Why is it so important that businesses support social issues?

One of my all-time favorite quotes, which is from David Dellinger, is, "Every act we perform today must reflect the kinds of human relationships we are fighting to establish tomorrow." If businesses don't contribute to the equilibrium between the economy and the environment, but rather subscribe to the idea that there's a trade-off between economic success and the well-being of our society and environment, then they won't be around for long. Every business creates a negative impact on the environment, the question is, "Do they wish be a part of the required solution to create a sustainable future?"

What advice can you offer women who are seeking a career in business strategy?

Go for it! Don't be afraid to subscribe to open and courageous communication in the workplace but do so with diplomacy and awareness. Build relationships across the organization from top to bottom and bottom top. And always, always, walk with your head held high and greet people with a smile.

How do you maintain a work/life balance?

By focusing on the things I can control and not worrying about those I can't. By being totally committed to wellness. I work out at 5:30 a.m. four days a week when I'm home. And when I travel, I always try to exercise in the morning. It sets such a great tone for my day at work. When I'm at work, I work; and when I'm at home with family and friends, I'm committed to being with them, in the moment. Good planning and prioritization comes in handy too. During hectic times at work, I always try to set expectations with my husband so he is fully aware of the time I need to devote to Timberland. And whenever and wherever possible, I try to spend time outside. It's refreshing, liberating and provides really valuable perspectives.

What do you think is the biggest issue for women in the workplace?

That's a tough question for me to answer because I work for a company that strongly supports career development and advancement of men and women. But I think the fact that people in our culture are still asking the question, "Why do females still earn less than males holding the same job?" is a huge issue that shouldn't exist.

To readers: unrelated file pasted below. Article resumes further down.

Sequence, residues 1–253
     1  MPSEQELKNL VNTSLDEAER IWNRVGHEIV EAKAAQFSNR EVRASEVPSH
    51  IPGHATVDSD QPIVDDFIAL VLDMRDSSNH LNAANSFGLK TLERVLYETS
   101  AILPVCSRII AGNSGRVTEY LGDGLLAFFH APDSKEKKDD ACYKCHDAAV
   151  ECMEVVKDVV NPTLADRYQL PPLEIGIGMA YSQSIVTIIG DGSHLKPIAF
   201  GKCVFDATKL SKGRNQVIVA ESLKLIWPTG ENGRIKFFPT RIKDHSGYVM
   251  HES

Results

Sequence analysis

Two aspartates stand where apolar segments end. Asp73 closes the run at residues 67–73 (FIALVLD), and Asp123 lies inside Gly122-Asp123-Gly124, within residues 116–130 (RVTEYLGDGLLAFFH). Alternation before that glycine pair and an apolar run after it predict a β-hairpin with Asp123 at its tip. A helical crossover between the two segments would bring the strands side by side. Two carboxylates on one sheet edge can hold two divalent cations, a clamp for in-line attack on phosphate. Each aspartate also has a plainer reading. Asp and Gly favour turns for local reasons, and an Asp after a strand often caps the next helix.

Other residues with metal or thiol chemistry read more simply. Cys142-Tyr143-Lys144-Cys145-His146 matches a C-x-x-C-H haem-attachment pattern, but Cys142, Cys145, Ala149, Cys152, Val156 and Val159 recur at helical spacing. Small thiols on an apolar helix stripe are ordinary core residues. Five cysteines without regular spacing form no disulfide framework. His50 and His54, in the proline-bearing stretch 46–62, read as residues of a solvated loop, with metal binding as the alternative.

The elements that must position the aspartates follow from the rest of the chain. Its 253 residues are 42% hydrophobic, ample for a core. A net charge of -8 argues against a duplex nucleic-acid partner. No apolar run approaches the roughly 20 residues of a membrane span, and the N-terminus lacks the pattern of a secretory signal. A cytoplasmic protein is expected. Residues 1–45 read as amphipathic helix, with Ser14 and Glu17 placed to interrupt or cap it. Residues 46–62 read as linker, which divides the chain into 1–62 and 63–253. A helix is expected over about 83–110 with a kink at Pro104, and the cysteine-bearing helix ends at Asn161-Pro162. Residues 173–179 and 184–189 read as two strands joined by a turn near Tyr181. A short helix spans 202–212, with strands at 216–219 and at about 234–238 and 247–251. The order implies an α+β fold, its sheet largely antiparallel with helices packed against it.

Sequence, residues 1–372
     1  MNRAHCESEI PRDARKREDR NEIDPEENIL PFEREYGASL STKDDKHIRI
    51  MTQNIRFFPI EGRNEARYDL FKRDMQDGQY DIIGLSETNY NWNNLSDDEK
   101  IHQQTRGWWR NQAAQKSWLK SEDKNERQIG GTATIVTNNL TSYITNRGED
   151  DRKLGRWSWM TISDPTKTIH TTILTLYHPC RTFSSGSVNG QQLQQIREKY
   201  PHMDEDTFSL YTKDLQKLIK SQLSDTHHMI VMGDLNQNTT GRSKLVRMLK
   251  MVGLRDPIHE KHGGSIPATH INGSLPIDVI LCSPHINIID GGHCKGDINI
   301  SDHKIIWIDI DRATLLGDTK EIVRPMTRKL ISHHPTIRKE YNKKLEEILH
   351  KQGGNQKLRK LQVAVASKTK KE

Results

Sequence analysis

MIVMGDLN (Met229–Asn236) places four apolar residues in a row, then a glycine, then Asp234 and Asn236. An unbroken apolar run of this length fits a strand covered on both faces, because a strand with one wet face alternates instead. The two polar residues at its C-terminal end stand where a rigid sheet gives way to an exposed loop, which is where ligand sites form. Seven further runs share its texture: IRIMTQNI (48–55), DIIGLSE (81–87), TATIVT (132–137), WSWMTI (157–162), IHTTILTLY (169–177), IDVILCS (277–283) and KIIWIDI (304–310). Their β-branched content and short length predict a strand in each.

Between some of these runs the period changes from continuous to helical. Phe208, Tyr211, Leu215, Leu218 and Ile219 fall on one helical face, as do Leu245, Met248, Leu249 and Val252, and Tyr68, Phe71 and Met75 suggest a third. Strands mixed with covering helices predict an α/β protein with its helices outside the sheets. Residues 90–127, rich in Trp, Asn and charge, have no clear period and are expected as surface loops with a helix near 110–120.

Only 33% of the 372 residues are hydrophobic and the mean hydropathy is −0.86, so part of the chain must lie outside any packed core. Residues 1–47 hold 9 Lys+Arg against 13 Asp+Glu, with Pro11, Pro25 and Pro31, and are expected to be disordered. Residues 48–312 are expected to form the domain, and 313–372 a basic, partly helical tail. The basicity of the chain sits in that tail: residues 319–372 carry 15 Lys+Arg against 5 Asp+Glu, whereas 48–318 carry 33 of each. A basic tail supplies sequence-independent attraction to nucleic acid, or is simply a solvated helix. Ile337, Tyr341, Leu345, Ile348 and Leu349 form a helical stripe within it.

How has mentorship made a difference in your professional and personal life?

The mentors I've had and have in my life have contributed immensely to my success. When you have the luxury of being able to build a relationship with someone who has incredible experiences from which to draw and makes an unconditional commitment to providing guidance and perspective, you not only gain insight to the possibilities before you, but you gain an invaluable level of confidence that can empower you to go seek out your dreams and realize your aspirations. That's how my mentors have made a difference for me.

Which other female leaders do you admire and why?

I have a twin sister, Megan, who is the chief advancement officer at a very prestigious college. She manages fundraising and alumni relations. She is so skilled at balancing her role at work with her roles as a wife and a mom of two wonderful kids. She's also an ultra-marathoner and a great friend to a lot of people. She has commanded the respect of her colleagues and peers and friends and family because she's a phenomenal communicator, she's honest, direct and fair and she has a great sense of humor. I admire her because she has lived her life and built her successful career by being true to herself.

What do you want Timberland to accomplish in the next year?

I want us to master the integration of our consumer-facing values story telling into our global brand marketing so consumers can have a clearer view of our CSR-related efforts and the positive impacts those efforts have on the communities in which we operate; the people we work with and who work with us; and on the environment. The more businesses can effectively expose consumers to the commerce and justice proposition, the more prominent it will become on the consumers' list of purchasing considerations.